Indiana Pacers: Myles Turner has every right to be frustrated with his role

Indiana Pacers, Myles Turner - Credit: Trevor Ruszkowski-USA TODAY Sports
Indiana Pacers, Myles Turner - Credit: Trevor Ruszkowski-USA TODAY Sports /

It was the second game of the season. The Indiana Pacers bowed down to the Washington Wizards in a shootout by a single point, but beyond the loss resided a lustrous box score entry. It was Myles Turner, who just recorded a career-high 40 points.

I remember mumbling to myself that the Pacers could be one of the better teams in the East with this kind of Myles, an assertive two-way force who can score emphatically as he can swat shots. Fast forward to the present, and Indiana is 10-16, boasting one of the conference’s worst records, with Turner once again beneath the pecking order.

The longest-tenured Pacer, who has been the backbone of Indiana’s defense for his entire career, is now facing a legitimate chance of donning a different jersey from the only franchise he has ever known. With Indy seemingly more open to a pivot to rebuild, the end of the Myles Turner era in the Circle City could be over in a flick.

And if that eventually materializes, then the team could look in hindsight and realize how much they had possibly taken him for granted. If his recent interview is any indication, then this looming divorce may not be as tranquil as expected.

Myles Turner expressed increasing frustration with his role, signaling a possible move away from the Indiana Pacers

A follow-up to the latest smoke surrounding the Indiana Pacers, Myles Turner recently sat down with The Athletic’s Jared Weiss and expressed frustration at his struggles to showcase himself more on offense.

This bit is reflective of every thing that fans have clamored about Myles Turner since his foray in the Circle City. Already a defensive standout, he has the makings of a polished offensive force, especially in the modern NBA, but the Pacers’ revolving door of men on the sidelines who have all resisted from featuring him more boisterously as a weapon on offense has largely stagnated his progress on that end.

After regularly serving as Indiana’s second-best player next to Paul George in his early seasons, he continued to play second fiddle to Victor Oladipo in Nate McMillan’s blueprint, before the rise of Domantas Sabonis and the entry of the team’s current core relegated him beneath the hierarchy under Nate Bjorkgren and now, Rick Carlisle.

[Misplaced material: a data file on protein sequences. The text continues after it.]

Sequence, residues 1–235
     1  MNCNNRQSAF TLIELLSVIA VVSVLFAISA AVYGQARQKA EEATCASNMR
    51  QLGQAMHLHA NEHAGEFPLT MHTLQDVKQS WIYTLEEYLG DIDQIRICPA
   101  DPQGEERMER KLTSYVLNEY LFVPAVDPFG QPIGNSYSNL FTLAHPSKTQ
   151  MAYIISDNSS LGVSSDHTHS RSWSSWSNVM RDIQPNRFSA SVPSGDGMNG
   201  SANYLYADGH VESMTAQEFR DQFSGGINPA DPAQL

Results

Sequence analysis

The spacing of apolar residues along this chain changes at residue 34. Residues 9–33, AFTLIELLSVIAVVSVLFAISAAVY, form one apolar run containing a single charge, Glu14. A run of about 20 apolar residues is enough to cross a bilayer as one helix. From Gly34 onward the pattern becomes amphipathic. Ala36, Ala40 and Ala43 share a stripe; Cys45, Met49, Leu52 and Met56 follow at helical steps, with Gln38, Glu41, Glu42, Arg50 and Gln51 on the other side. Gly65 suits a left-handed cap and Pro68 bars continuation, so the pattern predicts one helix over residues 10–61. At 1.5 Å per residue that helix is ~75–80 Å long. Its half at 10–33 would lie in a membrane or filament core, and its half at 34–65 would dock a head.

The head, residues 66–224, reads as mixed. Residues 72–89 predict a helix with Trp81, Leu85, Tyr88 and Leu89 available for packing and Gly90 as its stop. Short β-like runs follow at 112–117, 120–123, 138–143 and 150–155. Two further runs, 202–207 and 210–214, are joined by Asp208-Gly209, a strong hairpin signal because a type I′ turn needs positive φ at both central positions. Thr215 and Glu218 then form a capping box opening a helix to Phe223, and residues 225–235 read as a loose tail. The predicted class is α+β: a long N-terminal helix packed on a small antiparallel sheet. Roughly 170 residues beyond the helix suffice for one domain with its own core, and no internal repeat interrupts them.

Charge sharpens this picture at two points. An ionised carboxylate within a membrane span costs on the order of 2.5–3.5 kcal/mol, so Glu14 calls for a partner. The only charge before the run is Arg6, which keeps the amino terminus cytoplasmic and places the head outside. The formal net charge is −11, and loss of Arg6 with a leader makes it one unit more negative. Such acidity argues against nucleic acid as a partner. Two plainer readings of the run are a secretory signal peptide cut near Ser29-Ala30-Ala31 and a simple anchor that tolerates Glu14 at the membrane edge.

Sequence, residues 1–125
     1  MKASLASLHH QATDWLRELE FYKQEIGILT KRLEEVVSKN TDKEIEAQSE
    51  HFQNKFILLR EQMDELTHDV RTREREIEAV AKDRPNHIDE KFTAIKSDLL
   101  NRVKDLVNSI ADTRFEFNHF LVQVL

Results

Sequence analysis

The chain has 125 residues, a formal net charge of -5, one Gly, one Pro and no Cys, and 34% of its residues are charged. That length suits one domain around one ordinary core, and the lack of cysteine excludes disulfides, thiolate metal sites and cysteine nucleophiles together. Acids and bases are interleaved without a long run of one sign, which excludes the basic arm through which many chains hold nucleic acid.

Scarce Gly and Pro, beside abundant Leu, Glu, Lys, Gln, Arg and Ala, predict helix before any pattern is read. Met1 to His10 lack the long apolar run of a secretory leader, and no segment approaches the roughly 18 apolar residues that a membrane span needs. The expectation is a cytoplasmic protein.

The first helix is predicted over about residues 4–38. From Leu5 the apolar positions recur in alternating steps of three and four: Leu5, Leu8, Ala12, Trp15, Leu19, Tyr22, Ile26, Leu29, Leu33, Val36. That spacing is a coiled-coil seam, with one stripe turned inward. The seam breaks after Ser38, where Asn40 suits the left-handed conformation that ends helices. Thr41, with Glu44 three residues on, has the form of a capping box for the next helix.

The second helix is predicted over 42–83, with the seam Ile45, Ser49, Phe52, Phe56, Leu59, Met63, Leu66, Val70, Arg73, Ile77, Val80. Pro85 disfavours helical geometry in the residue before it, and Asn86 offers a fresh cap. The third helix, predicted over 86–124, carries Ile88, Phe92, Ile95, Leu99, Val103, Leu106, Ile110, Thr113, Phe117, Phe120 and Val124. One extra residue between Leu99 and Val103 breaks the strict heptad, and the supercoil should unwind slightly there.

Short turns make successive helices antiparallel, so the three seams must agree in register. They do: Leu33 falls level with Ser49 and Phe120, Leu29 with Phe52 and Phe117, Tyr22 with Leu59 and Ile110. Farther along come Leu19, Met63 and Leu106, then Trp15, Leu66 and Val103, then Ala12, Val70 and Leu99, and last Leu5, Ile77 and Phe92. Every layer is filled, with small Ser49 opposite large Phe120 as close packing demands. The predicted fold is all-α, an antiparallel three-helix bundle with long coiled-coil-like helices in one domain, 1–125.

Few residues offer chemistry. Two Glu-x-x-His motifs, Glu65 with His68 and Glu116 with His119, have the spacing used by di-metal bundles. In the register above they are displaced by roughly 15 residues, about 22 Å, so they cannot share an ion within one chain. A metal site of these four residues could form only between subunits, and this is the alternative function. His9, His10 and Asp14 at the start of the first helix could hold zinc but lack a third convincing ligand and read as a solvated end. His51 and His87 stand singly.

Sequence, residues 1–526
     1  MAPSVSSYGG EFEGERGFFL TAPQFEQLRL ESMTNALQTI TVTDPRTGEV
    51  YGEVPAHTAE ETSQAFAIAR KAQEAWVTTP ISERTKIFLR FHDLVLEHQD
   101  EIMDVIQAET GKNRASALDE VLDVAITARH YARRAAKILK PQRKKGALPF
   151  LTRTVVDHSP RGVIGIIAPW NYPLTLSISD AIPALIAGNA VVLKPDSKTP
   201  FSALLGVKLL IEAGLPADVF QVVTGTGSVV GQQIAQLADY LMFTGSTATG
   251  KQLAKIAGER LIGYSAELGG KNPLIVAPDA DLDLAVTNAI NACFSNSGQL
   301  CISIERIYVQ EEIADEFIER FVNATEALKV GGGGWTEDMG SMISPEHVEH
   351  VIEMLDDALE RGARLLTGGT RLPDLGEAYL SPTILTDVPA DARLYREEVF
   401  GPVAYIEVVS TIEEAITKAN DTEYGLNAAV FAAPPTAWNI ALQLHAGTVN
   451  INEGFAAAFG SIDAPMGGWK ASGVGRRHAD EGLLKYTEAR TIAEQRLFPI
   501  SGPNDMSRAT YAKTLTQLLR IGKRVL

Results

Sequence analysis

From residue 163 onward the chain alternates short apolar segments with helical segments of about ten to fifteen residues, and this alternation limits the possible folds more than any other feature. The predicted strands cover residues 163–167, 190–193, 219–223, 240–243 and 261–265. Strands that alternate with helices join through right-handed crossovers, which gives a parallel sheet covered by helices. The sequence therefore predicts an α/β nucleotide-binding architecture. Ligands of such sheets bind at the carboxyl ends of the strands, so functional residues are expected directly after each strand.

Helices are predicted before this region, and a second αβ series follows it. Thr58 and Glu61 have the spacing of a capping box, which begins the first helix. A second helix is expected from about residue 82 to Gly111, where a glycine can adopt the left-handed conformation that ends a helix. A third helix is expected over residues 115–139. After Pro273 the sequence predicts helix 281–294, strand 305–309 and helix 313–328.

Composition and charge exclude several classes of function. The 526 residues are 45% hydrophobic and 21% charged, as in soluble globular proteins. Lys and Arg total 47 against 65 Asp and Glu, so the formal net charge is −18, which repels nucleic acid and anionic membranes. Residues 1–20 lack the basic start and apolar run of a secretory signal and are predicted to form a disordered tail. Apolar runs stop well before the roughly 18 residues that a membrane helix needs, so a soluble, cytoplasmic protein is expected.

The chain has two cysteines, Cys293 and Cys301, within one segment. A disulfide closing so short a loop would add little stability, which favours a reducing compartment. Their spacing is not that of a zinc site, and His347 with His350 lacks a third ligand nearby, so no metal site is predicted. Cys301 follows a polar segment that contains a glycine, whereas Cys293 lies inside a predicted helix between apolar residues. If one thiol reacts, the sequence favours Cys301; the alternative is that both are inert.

Given how much Turner sacrificed to fully commit himself as the Pacers’ defensive anchor, continuing to hold onto his self-imposed concessions is more than justifiable impetus for him to voice out his discontent. After all, his offensive potential has never been in question.

Year after year, his growth and usage on that end has been persistently suspended, and year after year, he’s done nothing but stay loyal to the franchise, never igniting a toxic discourse in the locker room, never pouting when he barely gets his share.

All these despite being treated as a walking scapegoat—by fans who unreasonably expect him to score 25 points on a nightly basis, overlooking his impact on the more visceral aspects of the game.

All these despite being a constant entry in trade rumors—as the primary option to ignite a roster change when he is far from the definitive problem.

All these despite him staying true and loyal to the franchise that brought him to the NBA—giving his all on the court and giving back to the community he has embraced.

It will be painful if the hammer’s finally dropped, but Myles Turner deserves more than what he’s been getting. If this season is any indication, then the Indiana Pacers may not be the team that could give what he’s due to become a more complete player as he desires and he believes he can be.

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When that day occurs, I hope we only have fond memories of Myles Turner repping the Blue and Gold. If he takes a jab here and there, no matter how subtle, let’s not exert our ire on the keyboard. In hindsight, take it in good stride. After all, he has every right to be frustrated.